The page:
“We are working to progress for the future. National men’s and women’s teams are in training for the future. We are working to build a youth setup, we have started with the U12, associating with the academies. We are planning to take the U23 team to the future and make players come through to the national team.”

“We will prepare for the World Cup qualification in June with the current squad and the U23 players included.”

He also happened to mention the World Cup qualifiers are too on its way and the team will need to prepare along with the current U23 squad.

Head Coach Nizam Packeer Ali in a Media Release mentioned the current U23 squad does not have much experience locally or internationally.

“The boys are not much experienced locally or internationally. But we have a talented and physically strong team. Though we conduct practices in a short period of time. We hope to give a good competition in these qualifiers.”

One ponders how players get selected to a national U23 squad without much experience playing locally. As Sri Lanka football does not have many International games at Senior or Junior levels it’s understandable the exposure to an international game is seldom. The biggest question is to be asked is how a squad of 32 players does not have much experience playing in the local football tournaments.

Training time too has been limited as per the Head Coach despite this concern being raised a million times in the past.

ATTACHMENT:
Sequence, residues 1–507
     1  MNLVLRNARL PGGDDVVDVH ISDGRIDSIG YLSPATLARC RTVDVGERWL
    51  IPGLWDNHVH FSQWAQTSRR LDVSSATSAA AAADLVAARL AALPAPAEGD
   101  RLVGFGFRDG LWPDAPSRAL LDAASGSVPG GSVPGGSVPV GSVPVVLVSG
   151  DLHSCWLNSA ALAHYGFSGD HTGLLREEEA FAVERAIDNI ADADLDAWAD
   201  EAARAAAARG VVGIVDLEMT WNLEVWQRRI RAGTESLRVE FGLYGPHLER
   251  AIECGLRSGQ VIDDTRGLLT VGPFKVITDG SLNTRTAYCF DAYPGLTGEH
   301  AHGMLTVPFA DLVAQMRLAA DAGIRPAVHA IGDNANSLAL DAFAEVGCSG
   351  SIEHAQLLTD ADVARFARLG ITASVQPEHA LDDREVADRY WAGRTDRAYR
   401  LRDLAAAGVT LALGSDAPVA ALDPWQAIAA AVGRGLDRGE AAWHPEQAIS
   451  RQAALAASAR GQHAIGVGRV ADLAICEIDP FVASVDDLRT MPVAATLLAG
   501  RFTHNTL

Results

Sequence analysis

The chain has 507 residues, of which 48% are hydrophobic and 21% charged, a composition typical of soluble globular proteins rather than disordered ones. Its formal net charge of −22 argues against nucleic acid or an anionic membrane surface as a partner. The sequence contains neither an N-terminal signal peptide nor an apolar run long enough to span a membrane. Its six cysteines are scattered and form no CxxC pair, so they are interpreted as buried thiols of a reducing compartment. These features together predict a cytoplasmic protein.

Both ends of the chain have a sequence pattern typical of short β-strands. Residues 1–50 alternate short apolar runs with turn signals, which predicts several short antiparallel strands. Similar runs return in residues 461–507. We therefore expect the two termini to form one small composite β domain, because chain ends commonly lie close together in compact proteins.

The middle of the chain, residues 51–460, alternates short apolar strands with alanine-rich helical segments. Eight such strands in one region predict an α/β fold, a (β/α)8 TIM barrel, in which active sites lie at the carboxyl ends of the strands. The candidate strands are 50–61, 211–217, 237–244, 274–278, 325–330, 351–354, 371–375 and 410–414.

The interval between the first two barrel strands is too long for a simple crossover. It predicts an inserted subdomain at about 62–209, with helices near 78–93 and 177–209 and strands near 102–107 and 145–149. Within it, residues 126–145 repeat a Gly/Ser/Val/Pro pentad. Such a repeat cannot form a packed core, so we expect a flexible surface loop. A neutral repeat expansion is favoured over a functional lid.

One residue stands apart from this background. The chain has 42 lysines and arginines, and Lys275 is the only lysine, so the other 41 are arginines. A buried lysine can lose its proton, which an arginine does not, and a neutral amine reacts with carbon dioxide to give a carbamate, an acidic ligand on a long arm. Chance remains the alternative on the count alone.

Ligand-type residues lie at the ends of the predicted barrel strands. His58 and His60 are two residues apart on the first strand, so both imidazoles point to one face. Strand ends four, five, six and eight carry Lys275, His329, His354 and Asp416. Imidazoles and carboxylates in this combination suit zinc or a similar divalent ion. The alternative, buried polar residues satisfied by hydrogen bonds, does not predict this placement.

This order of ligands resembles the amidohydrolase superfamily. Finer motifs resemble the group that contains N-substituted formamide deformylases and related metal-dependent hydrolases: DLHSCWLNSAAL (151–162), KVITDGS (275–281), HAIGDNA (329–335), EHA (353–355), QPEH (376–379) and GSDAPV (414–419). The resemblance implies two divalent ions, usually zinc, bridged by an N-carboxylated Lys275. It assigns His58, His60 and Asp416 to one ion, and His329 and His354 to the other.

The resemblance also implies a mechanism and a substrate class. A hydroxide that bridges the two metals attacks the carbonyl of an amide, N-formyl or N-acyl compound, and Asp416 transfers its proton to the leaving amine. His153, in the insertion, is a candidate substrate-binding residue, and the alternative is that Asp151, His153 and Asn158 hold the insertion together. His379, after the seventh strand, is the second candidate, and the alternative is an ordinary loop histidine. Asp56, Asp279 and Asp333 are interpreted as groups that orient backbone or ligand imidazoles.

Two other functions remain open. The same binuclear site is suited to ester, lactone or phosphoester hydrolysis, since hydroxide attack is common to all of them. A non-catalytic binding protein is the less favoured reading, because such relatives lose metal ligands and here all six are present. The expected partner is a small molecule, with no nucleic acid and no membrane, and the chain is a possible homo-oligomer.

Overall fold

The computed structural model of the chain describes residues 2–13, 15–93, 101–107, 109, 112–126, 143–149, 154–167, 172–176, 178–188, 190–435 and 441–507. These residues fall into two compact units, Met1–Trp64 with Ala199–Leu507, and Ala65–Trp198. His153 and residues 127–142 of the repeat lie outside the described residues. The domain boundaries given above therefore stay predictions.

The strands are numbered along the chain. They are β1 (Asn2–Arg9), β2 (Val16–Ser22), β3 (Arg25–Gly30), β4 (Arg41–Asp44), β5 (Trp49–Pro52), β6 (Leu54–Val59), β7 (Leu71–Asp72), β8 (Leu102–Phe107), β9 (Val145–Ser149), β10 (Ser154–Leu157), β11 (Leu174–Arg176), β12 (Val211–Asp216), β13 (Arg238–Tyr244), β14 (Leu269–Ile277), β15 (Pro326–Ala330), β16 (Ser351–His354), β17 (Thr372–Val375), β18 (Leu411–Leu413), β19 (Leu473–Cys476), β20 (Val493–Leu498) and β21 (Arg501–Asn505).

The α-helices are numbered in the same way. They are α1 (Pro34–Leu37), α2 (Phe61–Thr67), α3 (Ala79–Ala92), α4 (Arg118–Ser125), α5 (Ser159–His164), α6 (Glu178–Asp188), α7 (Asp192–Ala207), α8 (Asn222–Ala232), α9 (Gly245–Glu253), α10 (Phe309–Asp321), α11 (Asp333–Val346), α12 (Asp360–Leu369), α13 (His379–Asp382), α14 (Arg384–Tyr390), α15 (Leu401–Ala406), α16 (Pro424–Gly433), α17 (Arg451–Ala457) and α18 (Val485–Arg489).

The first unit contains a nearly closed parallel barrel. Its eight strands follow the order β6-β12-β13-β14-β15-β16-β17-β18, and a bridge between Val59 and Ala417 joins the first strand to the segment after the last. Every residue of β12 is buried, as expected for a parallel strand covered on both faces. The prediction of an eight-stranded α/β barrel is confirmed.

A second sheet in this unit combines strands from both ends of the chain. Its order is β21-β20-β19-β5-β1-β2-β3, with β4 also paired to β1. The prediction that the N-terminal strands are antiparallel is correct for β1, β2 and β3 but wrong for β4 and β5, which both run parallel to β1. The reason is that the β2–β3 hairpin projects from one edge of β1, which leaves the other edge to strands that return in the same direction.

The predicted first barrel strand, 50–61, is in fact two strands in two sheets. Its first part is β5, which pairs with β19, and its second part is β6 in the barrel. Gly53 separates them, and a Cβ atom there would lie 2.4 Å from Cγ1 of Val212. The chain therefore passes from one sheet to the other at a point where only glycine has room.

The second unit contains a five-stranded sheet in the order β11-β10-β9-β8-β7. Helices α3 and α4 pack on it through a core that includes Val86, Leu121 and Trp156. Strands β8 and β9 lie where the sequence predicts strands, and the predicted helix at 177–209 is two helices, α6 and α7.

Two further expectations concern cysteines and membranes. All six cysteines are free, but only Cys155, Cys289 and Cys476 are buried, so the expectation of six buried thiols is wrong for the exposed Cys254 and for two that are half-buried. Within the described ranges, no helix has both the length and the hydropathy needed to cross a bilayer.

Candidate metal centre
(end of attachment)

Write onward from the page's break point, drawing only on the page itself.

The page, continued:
Looking ahead to the first game on 06th June 2019 Sri Lanka National Football Squad is still in the pipeline. The U23 team will return to the Island on 27th March 2019 giving the Head Coach exactly 70 days, not to mention the number of holidays coming in the month of April and May to select, train, practice and put out a team to kick off a World Cup Qualifying match.

India, ranked 103 in the world, recently took part in the Asian Football Championship and will not start their campaign till September 2019. However their 35 man squad is regularly training despite not having a head coach. The Indian Super League has now transformed Indian Football to be able to compete with the best of Asia. So great is the development that they were able to send a second string team to the recently concluded SAFF Championship and still make it to the final.

Is the FFSL really taking matters seriously to develop the game and the national team? If so when can the supporters of Sri Lanka football really see progress? In sports, winning and losing is part and parcel of the game. What the supporters want to see is improvement even if the team is losing. The players too need the support to develop and improve their skills. It’s not only about getting a qualified coach. The production line must be streamlined to have quality players coming through the system. This area is still not being addressed by the administration.

Improvements must be made from the grass root level to the national level. Given the magnitude of the task, one wonders if the administration deliberately prolongs laying down plans or simply fails to execute them.  Vision 2030 is still to be revealed and no one knows when.

Running of the DCL 2018 was a nightmare for team management and coaches. Fixture congestion coupled in with commitments outside work has forced many players to leave the squads prematurely. Clubs incurred unnecessary costs in travelling due to incomplete games – this is just the tip of the iceberg.

Come the 6th June 2019 Sri Lankan Football lovers will come in numbers to support the Lion flag, it’s now up to the FFSL, Team Management to put up a show on the field and send the poor man home happy.